There was another thing we found out, which reinforced some of the cases that came in, to do with their properties. We found that family members would actually go in, in the name of taking care of the children and providing some kind of support, and then take over your properties that you acquired with your husband.
Those three issues actually stood out. Also we found that many people did not know so much about the legal aspects that women who have HIV and AIDS were facing. There has been a lot of work to do with the social impact. There was a lot of information that we had to give out and they also had to give us.
One thing we also found out was that young adolescents who are in boarding schools who have HIV and AIDS were having issues with nutrition. Because of disclosure issues, they couldn't come out to declare that they were HIV-positive. We found out that they had to take a lot of time off from school to go home to seek medical attention.
We have a group of community leaders that we train. We call them paralegals, but they don't really go to court. What they do is provide basic legal assistance. In this case, there was a paralegal who was available, who knew the lady and who worked with her and was able to intervene on her behalf to her house mistress. Her nutrition was changed to help her to be a little bit healthier.
JULIA TAYLOR KENNEDY: How does the stigma differ for men and women in Ghana who are HIV-positive?
SUSAN ARYEETEY: I don't think there's any major difference. It's the same. But you tend to find that women are usually blamed for actually passing on the disease. People think it's a woman's disease, but it's not.
There's a lot of education that has to be done, and there are women who actually now have to take their own contraceptive needs into consideration. They now have to negotiate for contraceptives to be used in relationships, which has been difficult over the years.
There has been this perception that if you are a woman, a married woman particularly, and demand that your husband use some form of protection, then you are seen as being promiscuous and having extramarital relations. But we have seen women now taking that power and the initiative, because there have been so many married women who have been infected. Surprisingly, if you are single, you are able to negotiate with your partner, but if you're married, that's a whole different kind of ballgame.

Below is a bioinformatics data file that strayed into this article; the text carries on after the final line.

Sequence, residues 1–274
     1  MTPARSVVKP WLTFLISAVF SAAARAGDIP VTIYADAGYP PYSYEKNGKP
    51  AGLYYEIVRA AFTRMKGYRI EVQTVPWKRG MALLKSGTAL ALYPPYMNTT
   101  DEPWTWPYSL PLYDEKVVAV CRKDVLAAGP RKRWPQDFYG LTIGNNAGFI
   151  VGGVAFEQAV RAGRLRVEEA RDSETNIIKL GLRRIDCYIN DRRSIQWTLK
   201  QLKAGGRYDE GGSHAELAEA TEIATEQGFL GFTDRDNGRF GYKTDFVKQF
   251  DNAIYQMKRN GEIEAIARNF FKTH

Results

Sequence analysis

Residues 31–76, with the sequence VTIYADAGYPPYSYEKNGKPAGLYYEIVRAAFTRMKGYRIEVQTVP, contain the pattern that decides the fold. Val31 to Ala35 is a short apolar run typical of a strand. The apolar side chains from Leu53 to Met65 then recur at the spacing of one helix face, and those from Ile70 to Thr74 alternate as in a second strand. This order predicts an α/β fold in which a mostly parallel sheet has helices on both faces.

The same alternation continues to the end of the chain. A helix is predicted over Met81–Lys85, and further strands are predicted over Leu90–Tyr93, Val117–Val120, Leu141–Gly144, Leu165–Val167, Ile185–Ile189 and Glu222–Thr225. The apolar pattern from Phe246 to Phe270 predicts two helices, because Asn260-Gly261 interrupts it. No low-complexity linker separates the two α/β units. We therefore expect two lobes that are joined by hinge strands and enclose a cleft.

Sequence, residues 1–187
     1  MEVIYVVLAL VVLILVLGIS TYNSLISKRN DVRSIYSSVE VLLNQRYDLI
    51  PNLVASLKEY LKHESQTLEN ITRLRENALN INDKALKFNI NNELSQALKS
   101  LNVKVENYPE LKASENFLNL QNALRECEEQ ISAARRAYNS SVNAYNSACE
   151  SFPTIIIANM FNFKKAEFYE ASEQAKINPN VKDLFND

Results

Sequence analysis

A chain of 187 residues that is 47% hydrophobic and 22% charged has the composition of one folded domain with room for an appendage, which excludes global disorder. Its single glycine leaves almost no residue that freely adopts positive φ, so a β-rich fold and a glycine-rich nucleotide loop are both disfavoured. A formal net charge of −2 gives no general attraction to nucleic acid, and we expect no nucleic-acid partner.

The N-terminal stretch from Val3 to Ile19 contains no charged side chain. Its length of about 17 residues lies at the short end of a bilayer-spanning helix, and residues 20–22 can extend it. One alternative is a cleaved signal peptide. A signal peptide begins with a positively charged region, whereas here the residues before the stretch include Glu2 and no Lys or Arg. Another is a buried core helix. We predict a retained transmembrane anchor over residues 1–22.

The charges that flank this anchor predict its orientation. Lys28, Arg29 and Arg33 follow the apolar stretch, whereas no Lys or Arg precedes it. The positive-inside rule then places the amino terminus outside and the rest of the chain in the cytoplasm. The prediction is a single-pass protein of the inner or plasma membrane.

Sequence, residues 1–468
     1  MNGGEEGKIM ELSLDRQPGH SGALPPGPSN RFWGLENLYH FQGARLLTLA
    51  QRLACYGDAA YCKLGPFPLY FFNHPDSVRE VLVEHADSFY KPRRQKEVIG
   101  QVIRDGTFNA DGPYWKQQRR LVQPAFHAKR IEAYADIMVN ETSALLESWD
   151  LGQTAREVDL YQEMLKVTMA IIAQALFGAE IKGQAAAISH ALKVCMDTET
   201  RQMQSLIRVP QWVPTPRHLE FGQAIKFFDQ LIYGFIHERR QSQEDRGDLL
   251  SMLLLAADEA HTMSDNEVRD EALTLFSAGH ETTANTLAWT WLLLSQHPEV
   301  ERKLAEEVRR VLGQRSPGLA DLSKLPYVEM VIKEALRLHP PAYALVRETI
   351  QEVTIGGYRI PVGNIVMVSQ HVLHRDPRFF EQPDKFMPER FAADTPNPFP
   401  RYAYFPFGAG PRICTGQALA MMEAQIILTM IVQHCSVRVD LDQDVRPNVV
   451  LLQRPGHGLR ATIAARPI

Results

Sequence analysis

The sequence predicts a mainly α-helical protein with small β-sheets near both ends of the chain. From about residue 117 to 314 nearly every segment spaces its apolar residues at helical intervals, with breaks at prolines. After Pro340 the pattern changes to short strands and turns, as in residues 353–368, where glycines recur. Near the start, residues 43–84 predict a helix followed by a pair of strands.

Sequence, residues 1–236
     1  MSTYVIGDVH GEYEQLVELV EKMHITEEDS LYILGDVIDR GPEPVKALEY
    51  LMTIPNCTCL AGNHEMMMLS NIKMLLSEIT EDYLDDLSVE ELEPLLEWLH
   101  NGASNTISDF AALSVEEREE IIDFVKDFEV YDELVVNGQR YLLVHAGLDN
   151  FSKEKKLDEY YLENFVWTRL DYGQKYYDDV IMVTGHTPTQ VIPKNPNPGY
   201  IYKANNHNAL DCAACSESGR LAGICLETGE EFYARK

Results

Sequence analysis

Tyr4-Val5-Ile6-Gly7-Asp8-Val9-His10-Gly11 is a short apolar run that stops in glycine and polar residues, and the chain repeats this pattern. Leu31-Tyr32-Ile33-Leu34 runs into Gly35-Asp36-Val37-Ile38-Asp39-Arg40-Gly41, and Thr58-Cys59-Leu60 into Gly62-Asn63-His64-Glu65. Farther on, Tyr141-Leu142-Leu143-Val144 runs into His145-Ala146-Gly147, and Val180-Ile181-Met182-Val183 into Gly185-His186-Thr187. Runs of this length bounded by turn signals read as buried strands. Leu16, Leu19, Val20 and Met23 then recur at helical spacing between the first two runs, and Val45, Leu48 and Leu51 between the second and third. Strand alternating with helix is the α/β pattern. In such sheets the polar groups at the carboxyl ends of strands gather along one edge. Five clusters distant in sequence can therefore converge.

JULIA TAYLOR KENNEDY: What were your main recommendations out of this?
SUSAN ARYEETEY: One of the recommendations that we made was that gender considerations should be taken when these policies are being enacted. Patriarchy is so strong. That is often overlooked and ignored.
There is also the issue of the medical personnel either being sanctioned or really working to make sure that they are able to be quite circumspect when they are talking about women who have HIV and AIDS.
There was also another recommendation that talked about the need for a system to monitor human rights and violations that have to do with HIV and AIDS.
JULIA TAYLOR KENNEDY: How did you become passionate about these issues of gender and advocay for women and children in Ghana?
SUSAN ARYEETEY: I tend to say it was by default. When I was working with a radio station, there came a time when we had murders of about 30 women. The government at the time was not actually making a lot of effort to find out the murderers behind this. I had at that time FIDA Ghana and some other human-rights activists on a program I used to host. They spoke about the issues. I was really touched by what had happened.
From then on, I began to focus more on women's issues. I was working in a very competitive environment, where women's issues were seen as soft issues. If you really wanted to be a good reporter, a great journalist, then you had to do the hard stuff and compete with the men for the space.
I said, "Forget about the competition. Let's really bring out these issues."
That was where the interest started.
Then I got an offer to work with FIDA in the area of communications. I realized, as we traveled around the country, that we had really major issues to do with women. We have cultural issues that discriminate against women. We have fewer women in decision-making positions. When it comes to domestic violence, that was a big issue, and the fact that women really had to suffer in silence for so long before they came out to talk about their issues. It was affecting development in many areas in our country. That was when I really felt that there were so many inequalities that it's a good cause to work in.